Dan­ger­ous in the best sense

The Irish Times - Friday - The Ticket - - FILM REVIEWS - TARA BRADY

TONY BENN: WIL­LAND TES­TA­MENT ★★★★ Di­rected by Skip Kite. Fea­tur­ing Tony Benn. Club, IFI, Dublin, 90 mins

De­spite a won­der­fully elab­o­rate set and quite a few spe­cial ef­fects, Skip Kite’s film re­mains a lovely hand­made arte­fact. A bi­o­graph­i­cal por­trait of the late Labour MP Tony Benn, this “will and tes­ta­ment” is just that: a man, in his 80s, mak­ing a visual scrap­book from his un­fussy MDF kitchen.

Benn’s life of­fers an in­cred­i­ble sweep of his­tory: the son of fem­i­nist the­olo­gian Mar­garet Wedg­wood Benn and for­mer sec­re­tary of state for In­dia, Vis­count Stans­gate (as he briefly was), Benn had al­ready met Gandhi, flown in Africa dur­ing the sec­ond World War and worked as a pro­ducer for the BBC by the time he re­nounced his ti­tle in 1963.

While oth­ers have been soft­ened by of­fice, min­is­te­rial posts only served to rad­i­calise Benn, who re­alised that: “Democ­racy ought to be the sys­tem that changes things to meet the peo­ple’s needs. But it has been sub­tly trans­formed to change the peo­ple to meet the needs of the sys­tem.” As he moved fur­ther to the left, he be­came de­monised as “the most dan­ger­ous man in Bri­tain”.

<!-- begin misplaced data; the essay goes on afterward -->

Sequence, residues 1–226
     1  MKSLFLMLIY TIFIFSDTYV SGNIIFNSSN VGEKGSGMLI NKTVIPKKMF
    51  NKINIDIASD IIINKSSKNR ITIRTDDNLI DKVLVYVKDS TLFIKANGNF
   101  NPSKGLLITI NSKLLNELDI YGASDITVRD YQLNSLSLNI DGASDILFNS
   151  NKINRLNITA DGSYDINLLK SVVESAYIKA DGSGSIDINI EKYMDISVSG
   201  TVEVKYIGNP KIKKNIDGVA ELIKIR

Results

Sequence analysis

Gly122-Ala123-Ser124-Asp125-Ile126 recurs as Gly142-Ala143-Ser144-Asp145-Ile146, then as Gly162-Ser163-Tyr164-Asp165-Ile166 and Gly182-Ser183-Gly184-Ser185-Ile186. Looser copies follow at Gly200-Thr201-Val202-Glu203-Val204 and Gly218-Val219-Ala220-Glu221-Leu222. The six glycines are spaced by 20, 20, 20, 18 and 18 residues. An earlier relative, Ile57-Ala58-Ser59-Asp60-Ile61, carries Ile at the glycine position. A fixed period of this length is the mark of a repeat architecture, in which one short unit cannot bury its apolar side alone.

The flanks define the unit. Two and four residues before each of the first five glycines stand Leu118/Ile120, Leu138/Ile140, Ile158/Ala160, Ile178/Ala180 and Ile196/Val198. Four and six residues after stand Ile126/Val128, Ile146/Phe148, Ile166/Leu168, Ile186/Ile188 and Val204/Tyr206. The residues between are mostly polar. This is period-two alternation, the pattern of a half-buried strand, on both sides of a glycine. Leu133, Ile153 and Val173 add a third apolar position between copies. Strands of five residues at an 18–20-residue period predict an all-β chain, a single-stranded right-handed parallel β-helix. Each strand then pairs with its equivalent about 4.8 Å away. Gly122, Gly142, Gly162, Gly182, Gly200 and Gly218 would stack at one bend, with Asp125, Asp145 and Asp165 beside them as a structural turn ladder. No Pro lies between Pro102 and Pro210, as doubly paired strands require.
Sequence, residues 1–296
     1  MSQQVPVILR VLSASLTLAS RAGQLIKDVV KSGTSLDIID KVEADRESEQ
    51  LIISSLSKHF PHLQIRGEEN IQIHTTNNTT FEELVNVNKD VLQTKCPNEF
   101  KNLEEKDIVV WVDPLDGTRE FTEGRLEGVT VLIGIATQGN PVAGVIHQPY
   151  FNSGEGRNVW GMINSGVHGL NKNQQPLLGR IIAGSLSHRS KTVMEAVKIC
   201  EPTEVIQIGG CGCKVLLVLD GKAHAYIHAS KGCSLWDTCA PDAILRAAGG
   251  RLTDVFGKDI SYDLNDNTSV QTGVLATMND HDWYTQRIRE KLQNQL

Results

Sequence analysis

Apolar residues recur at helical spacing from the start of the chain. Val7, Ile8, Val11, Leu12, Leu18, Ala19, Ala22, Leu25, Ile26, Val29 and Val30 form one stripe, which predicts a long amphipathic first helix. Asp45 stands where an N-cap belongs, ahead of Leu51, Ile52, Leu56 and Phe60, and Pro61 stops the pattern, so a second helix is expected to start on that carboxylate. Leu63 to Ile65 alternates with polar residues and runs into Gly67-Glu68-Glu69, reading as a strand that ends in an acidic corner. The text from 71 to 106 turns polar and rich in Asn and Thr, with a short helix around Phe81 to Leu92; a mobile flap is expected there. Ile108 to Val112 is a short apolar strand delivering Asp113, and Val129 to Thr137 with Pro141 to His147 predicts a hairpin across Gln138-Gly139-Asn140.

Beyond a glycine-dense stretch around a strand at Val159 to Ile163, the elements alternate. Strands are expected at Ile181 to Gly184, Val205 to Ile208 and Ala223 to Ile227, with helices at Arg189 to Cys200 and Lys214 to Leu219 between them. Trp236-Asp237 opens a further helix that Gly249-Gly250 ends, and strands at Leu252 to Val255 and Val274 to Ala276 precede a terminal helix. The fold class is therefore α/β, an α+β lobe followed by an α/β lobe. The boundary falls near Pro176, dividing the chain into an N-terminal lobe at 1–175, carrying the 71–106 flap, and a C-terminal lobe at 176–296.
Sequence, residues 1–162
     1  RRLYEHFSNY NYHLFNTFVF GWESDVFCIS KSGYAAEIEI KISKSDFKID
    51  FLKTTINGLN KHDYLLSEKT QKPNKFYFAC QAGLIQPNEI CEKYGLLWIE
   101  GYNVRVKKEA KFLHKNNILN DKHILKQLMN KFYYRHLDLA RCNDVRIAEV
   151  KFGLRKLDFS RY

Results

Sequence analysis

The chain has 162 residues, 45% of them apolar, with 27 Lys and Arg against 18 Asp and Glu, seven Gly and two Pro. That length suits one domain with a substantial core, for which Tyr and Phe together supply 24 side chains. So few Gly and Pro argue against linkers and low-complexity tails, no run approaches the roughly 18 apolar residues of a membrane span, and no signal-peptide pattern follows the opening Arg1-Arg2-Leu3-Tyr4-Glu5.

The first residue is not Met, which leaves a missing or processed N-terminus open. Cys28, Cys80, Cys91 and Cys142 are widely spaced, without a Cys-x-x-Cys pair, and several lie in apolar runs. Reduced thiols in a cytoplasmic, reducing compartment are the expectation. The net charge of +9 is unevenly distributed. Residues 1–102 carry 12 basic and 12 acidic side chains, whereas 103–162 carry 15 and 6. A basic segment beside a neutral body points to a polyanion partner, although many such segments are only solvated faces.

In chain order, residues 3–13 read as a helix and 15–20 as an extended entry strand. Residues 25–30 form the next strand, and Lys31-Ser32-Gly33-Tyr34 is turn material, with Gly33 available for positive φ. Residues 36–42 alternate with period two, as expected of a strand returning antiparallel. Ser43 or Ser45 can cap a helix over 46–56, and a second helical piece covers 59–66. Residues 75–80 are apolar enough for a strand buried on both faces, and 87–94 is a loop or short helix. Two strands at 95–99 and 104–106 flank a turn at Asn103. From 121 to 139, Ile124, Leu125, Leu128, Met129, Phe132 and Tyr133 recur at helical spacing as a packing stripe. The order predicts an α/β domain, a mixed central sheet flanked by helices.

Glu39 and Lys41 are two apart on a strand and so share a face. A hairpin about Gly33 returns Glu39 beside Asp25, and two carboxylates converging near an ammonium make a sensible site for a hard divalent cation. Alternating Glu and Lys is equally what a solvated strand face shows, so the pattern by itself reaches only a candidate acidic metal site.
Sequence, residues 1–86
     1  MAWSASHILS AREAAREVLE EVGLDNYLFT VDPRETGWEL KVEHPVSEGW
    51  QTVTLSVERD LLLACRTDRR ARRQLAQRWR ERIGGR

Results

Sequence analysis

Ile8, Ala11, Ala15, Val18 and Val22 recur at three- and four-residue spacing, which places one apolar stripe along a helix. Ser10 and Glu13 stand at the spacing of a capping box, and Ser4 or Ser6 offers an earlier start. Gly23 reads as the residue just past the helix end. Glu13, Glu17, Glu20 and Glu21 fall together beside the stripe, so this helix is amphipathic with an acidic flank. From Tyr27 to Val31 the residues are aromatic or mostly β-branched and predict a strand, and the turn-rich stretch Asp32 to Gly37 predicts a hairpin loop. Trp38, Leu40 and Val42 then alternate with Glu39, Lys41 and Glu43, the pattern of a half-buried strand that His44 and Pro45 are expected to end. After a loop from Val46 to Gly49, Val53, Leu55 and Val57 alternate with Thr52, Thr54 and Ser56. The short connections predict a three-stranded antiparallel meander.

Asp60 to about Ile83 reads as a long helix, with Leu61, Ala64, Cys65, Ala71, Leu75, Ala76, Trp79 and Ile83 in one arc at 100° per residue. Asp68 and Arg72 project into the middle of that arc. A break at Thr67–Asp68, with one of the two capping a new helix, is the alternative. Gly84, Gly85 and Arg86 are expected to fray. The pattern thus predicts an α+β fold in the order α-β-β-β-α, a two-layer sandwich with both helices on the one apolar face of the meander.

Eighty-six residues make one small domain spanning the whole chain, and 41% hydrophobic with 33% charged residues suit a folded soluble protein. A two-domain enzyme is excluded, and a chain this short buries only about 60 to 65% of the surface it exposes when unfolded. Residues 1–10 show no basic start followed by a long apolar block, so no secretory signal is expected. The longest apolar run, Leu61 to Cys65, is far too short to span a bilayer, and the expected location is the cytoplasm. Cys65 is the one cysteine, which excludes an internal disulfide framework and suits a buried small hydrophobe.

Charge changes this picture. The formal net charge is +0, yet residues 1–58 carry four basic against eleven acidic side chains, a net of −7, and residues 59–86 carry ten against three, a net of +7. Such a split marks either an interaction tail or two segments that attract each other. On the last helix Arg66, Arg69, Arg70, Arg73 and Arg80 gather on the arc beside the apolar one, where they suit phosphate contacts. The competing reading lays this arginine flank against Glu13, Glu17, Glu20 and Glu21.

Speak­ing to cam­era, he re­mains de­fi­ant and un­re­pen­tant: “So­cial­ism is about try­ing to con­struct a so­ci­ety around pro­duc­tion for need and not just for profit.”

There are some in­cred­i­bly mov­ing, in­ti­mate mo­ments: Benn paid £10 to buy the bench on which he pro­posed to Caro­line de Camp in 1949; he cries when he re­calls her death from breast can­cer in 2000. He talks us through Hiroshima, the Win­ter of Dis­con­tent, the min­ers’ strike and on into the Thatcherite Blair regime.

From the ar­chives he ridicules the idea that the Sovi­ets want to roll across Europe so that they might one day “deal with Ian Pais­ley”. He re­calls how the IMF bul­lied Labour into cuts dur­ing the 1970s, leav­ing the party out in the cold just be­fore prof­its from North Sea oil kicked in – prof­its that funded crowd-con­trol through­out the benighted decade that fol­lowed.

More cen­trist folks may flinch or sneer, but even they will find cause to revel in the live­li­ness of Benn’s in­tel­lect. A priv­i­lege to watch.

Tony Benn: de­fi­ant and un­re­pen­tant

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